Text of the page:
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Te reo me te nekehanga (voice and movement) offers ākonga an exciting opportunity to choreograph and perform waiata-ā-ringa (action songs), and to compose and perform a haka.
Include hapū, iwi, and mana whenua
Techniques, tikanga, and waiata for te reo kori me te nekehanga (voice and movement) vary between hapū and iwi. Acknowledging mana whenua, and ensuring that your chosen waiata and actions are authentic to your area can begin with conversations and partnerships with ākonga and whānau who bring expertise to the classroom. If you have no Māori whānau, or hapū or iwi connections, within your school, seek introductions to Māori communities through Kāhui ako/school networks, or talk to the strategic advisor Māori at your regional Ministry of Education office.
There are many different explanations of haka; this is one of them.
The term whakapapa derives from the word papa meaning layers or levels. In this sense, it shows the various genealogical layers and lines of descent that create personal identity and links between whānau, hapū, and iwi.
- Tamanuiterā (the sun)
- Hineraumati (summer maiden)
- Hinetakurua (winter maiden)
- Tāne Rore (the prince of haka, also known as Tamarore).
In celebration of the coming of summer, Tāne Rore personified the many forms of posture, dances and movement. He quivered his hands to represent the shimmering heat waves given off Papatūānuku (Earth Mother) when heated by his ancestor Tamanuiterā in the summer season (Raumati). The wiri (quivering of the hands) is an integral part of Māori movement, seen in haka, as well as making the movements deceptive, which is essential in the arts of combat.
The haka pre-dates the arrival of the earliest Pākehā explorers and settlers in Aotearoa, New Zealand. Forms of haka have existed throughout Polynesia, Micronesia, and Melanesia throughout time. Early observations have recorded that there were many types of haka performed in different styles and formations and for different purposes. It is said that there are up to sixteen different types of haka that are known. While some may be very similar, they each have their own distinct features and uses. These range from the haka waiata – the forerunner to the modern action song – to haka pīrori – a haka of revenge and contempt.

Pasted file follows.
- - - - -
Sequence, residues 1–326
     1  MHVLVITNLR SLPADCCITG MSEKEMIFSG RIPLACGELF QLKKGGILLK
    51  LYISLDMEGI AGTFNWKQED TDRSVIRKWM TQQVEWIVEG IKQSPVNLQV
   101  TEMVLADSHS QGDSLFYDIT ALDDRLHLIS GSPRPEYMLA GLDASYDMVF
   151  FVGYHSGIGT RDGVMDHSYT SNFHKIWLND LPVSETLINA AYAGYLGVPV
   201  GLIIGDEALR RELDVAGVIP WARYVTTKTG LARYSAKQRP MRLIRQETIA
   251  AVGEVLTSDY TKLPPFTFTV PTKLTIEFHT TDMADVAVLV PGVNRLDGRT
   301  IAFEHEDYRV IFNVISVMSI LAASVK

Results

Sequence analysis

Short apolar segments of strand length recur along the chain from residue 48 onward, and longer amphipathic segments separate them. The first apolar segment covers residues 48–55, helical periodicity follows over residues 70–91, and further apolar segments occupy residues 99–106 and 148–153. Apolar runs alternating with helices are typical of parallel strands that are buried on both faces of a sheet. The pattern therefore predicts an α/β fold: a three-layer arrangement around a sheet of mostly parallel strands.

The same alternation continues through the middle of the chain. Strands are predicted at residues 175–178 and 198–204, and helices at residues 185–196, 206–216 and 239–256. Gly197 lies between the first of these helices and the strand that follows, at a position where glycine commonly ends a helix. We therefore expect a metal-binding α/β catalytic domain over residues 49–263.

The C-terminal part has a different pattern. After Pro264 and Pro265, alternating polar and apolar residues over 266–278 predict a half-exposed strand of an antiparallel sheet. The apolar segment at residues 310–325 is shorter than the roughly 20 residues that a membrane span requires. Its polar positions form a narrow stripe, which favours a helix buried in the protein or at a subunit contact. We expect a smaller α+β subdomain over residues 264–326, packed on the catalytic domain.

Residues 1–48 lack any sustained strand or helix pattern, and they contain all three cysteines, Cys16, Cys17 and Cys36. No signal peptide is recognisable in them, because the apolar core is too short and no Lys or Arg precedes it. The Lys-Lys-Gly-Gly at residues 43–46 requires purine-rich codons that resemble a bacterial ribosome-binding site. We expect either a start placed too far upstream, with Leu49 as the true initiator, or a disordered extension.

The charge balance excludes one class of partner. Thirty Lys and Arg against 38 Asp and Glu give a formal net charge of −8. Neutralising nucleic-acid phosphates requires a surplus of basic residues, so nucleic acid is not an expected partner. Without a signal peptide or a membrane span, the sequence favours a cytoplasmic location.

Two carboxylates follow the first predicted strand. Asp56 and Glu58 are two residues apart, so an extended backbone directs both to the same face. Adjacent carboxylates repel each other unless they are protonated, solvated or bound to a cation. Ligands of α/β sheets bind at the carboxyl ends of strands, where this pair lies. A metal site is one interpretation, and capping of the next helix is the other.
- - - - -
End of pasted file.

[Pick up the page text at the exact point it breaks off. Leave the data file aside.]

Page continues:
The words of the haka describe thoughts and emotions and do not just deal with warfare and exhortation, welcome and farewell. Haka can express grievance or complaint, description of an event, triumph at escape from capture – the reasons are endless.
Common usage today often restricts the term 'haka' to the following types: haka taparahi, haka peruperu, haka pōwhiri, haka ngeri, and haka manawa wera.
The haka 'Tāne Rore' was expressly composed to teach ākonga the philosophy and tradition of the haka. It describes the whakapapa (history and protocols) and the gift of haka by Tāne Rore. It refers to stance and how the whole body should be involved, including the face, eyes, and the protruding of the tongue (for the male only). The words are essential to express the thoughts and should be the primary focus.
copyright © The National Heart Foundation of New Zealand 1998
Hapū and iwi have different rules/practices related to stance. It is recommended that kaiako seek guidance from their Māori community to ensure authenticity and cultural appropriateness of haka.
Te reo Māori vocabulary
- Āta tū – stance standing still
- Hope – hands on hips
- Kia mau – take your stance
- Kia rite – get ready
- Kia wiri – start your hands quivering
- Kupu – words
- Ringaringa – hands
- Waewae – feet/legs
- Whatu/karu – eyes
- Pūkana – wide opening of the eyes and dilating of the pupils (men and women)
- Ringa whiua – swing arms across body
- Takahia – use the takahi step
- Arero – tongue
- Te ihi – inner feelings
- Tinana – body
- Wairua – spirit
- Waewae takahia – commence beating the right foot
- Whātero/whētero – sticking out the tongue (men only)
- Wiri – quivering of the hands